Fields out at Ford
New CEO Hackett known for turnarounds
DEARBORN, MICH. — Ford is replacing CEO Mark Fields as it struggles to keep its traditional auto-manufacturing business running smoothly while remaking itself as a nimble, high-tech provider of new mobility services.
The 114-year-old automaker said Fields is retiring at age 56 after 28 years at the company. Fields will be replaced by Jim Hackett, a former CEO of office furniture company Steelcase Inc. who joined Ford’s board in 2013. Hackett has led Ford’s mobility unit since March of last year.
In a news conference Monday at Ford’s Dearborn headquarters, Hackett said Ford does a lot of things well, but is not as good at handling complex strategy questions. Hackett plans to have a small executive team that can set the company’s plans, communicate them clearly and make decisions quickly. That’s a contrast to Fields, who had 20 direct reports and was a product of Ford’s bureaucratic culture.
“The biggest challenge I had (at Steelcase), and I will have here, is to have everybody see the future. They can see their opportunity in that. And secondly, that it’s our right to win and we don’t have to cede that to anybody, Tesla or any of them,” Hackett said.
In three years as CEO, Fields began Ford’s transition from a traditional automaker into a “mobility” company, laying out plans to build autonomous vehicles and explore new services such as ride-hailing and car-sharing.
Under Fields, Ford achieved a record pre-tax profit of $10.8 billion US in 2015 as SUV and truck sales soared in the United States. But there were rumblings that Fields wasn’t focused enough on Ford’s core business. Popular products such as the Fusion sedan and Escape SUV grew dated. Ford lagged behind rivals in bringing longrange electric cars to the market. The stock price sagged — electric carmaker Tesla Inc. even passed Ford in market value earlier this year.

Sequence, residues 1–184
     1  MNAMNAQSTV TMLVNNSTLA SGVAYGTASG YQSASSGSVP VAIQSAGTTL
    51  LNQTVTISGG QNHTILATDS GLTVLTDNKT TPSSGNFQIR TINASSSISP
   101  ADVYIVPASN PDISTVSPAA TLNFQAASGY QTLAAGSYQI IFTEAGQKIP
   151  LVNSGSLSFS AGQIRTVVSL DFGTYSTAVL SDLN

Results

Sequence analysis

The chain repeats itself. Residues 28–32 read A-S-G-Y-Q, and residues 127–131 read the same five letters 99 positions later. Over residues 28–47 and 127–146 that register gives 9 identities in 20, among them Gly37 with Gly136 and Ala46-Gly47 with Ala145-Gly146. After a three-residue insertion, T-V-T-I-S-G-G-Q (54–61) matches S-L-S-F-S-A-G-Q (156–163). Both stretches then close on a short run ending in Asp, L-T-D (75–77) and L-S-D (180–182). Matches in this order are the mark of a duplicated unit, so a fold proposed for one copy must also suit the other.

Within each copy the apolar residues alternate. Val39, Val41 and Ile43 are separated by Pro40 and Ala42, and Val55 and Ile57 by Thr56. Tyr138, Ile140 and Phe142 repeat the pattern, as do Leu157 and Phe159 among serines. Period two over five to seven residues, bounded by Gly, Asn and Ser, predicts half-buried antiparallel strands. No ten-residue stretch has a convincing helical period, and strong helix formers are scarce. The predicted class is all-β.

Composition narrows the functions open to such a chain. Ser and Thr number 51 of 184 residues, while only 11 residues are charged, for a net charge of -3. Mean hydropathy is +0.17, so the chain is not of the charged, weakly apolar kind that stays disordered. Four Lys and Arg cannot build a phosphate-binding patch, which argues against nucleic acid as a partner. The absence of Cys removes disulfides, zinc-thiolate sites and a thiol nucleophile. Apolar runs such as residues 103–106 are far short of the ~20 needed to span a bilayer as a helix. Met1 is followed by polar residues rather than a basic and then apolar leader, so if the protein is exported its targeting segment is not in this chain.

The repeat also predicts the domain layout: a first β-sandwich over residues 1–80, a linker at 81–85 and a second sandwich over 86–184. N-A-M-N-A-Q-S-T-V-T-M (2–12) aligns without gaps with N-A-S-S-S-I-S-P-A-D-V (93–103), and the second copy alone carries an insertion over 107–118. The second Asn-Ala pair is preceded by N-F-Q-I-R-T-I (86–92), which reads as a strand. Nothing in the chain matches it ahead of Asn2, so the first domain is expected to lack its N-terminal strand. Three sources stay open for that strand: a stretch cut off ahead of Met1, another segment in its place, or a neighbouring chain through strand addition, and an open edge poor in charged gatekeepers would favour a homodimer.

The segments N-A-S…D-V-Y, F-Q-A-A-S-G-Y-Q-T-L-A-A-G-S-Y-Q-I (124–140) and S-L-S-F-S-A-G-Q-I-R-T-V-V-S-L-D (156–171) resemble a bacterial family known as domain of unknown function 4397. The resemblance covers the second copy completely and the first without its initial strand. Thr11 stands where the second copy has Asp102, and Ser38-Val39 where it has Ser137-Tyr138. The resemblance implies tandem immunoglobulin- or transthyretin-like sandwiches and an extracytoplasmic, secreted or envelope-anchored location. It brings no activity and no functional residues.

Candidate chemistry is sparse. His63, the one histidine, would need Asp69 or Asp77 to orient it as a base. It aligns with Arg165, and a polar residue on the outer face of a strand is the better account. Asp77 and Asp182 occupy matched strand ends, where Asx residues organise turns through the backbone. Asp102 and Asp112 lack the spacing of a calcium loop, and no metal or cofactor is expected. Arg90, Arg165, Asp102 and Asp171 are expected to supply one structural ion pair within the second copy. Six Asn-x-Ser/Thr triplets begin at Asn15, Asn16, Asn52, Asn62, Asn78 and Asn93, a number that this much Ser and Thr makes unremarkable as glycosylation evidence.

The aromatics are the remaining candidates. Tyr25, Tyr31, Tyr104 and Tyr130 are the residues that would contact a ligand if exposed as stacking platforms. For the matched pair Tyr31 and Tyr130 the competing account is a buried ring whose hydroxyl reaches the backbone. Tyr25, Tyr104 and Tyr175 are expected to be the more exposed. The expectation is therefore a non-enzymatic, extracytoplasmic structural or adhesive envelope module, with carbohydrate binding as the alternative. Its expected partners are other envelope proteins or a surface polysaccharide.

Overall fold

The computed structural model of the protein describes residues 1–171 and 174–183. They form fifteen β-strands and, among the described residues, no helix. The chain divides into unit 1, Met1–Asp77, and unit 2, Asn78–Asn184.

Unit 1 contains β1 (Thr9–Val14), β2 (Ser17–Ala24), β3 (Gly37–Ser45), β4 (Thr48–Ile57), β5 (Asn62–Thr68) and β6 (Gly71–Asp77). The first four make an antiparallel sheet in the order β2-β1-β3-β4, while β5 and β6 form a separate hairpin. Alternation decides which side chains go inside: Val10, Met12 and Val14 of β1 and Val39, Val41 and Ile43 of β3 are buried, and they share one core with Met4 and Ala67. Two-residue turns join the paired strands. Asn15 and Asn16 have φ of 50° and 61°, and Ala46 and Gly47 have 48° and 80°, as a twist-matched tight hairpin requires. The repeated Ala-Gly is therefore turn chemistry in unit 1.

Hackett was the CEO of Steelcase for 20 years. He is credited with transforming that company, in part, by predicting the shift away from cubicles and into open office plans. He cut thousands of jobs and moved furniture production from the United States to Mexico.
In an interview, Ford Motor Co. executive chair Bill Ford called Hackett a “visionary” who knows how to remake a business.
“These are really unparalleled times, and it really requires transformational leadership during these times,” Bill Ford said.
Ford insisted Fields wasn’t fired. He called Fields “an outstanding leader” who orchestrated the company’s turnaround a decade ago when he was head of Ford’s Americas division. “He and I sat down Friday and really decided this was the right time for him to go and for us to have new leadership,” Ford said.
Fields resurrected Ford’s Lincoln brand and grew sales in China. His bet on using aluminum for trucks paid off in better fuel economy and strong sales. Fields opened an office in Silicon Valley to hire talented young researchers and scout out startups. But investors worried about Ford’s sliding U.S. market share and product decisions.
Bill Ford Jr., right, executive chair of Ford Motor Company, introduces Jim Hackett as CEO, in Dearborn, Mich., Monday.